ONE prep class at Kyabram P-12 is set to have double the trouble this year.
Twins Cruz and Tarkyn Cleveland are just a couple of the district’s preps who are getting ready to begin their first year of school.
And while the start of the school term is still a while away, these two are chomping at the bit to get into the swing of things.
“At the moment we’re all pretty relaxed about the back to school preparations, but they’re definitely excited to be heading off,” mother Brooke Cleveland said.
“The end of last year we had the transition classes and there was no trouble at all, so the two of them should be fine in the same class.”
Things are sure to be quiet around the house when the school term starts as Mrs Cleveland will be left with one child to look after.
“It’s going to be a big difference going from three kids at home down to one, I’ll be a bit lost to begin with but it’ll be good to have quiet days, especially after the holidays,” she said.
As a parent who’s been through the first-day-of-school nerves before, Mrs Cleveland said the one day a week helps children ease into school life and you just don’t know how your child will handle the change.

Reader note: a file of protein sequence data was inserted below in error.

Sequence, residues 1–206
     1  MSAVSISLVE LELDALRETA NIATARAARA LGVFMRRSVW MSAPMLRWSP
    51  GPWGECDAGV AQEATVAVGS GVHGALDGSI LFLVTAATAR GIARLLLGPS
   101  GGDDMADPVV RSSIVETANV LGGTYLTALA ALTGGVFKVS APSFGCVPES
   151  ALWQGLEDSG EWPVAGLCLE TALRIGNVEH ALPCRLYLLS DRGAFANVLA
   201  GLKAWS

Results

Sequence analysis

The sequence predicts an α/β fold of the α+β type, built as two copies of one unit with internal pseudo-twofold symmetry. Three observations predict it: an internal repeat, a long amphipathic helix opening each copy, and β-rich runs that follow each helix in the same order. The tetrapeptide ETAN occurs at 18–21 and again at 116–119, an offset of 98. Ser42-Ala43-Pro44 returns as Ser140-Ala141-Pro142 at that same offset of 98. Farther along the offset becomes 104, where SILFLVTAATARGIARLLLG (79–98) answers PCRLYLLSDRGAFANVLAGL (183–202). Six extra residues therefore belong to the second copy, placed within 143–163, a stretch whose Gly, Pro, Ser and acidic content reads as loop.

“It’s good to have the day off each week to begin with, just for them to catch up on rest. I know with these two there’s one which will handle it better than the other to begin with,” she said.
If it’s your first child heading off, Mrs Cleveland has some advice.
“The one thing to remember is they will be OK without you there – they’re going to have fun there – you just need to relax and let them go,” she said.
Parents are reminded that during February, prep students will have Wednesdays off for four weeks.
Other tips for parents to reduce the stress of back to school include:
■Laying out your child’s clothes, hat, shoes and socks the night before.
■Ensuring they have a healthy breakfast – this is important for energy to get through the day.
■Helping your child to pack their school bag with a snack, drink, lunch and a hat.
■Showing your child where you will meet them at the end of the school day.
■Developing a bedtime routine so your child can wind down at the end of the day and get a good night’s sleep – children aged five need around 10 to 11 hours of sleep a night.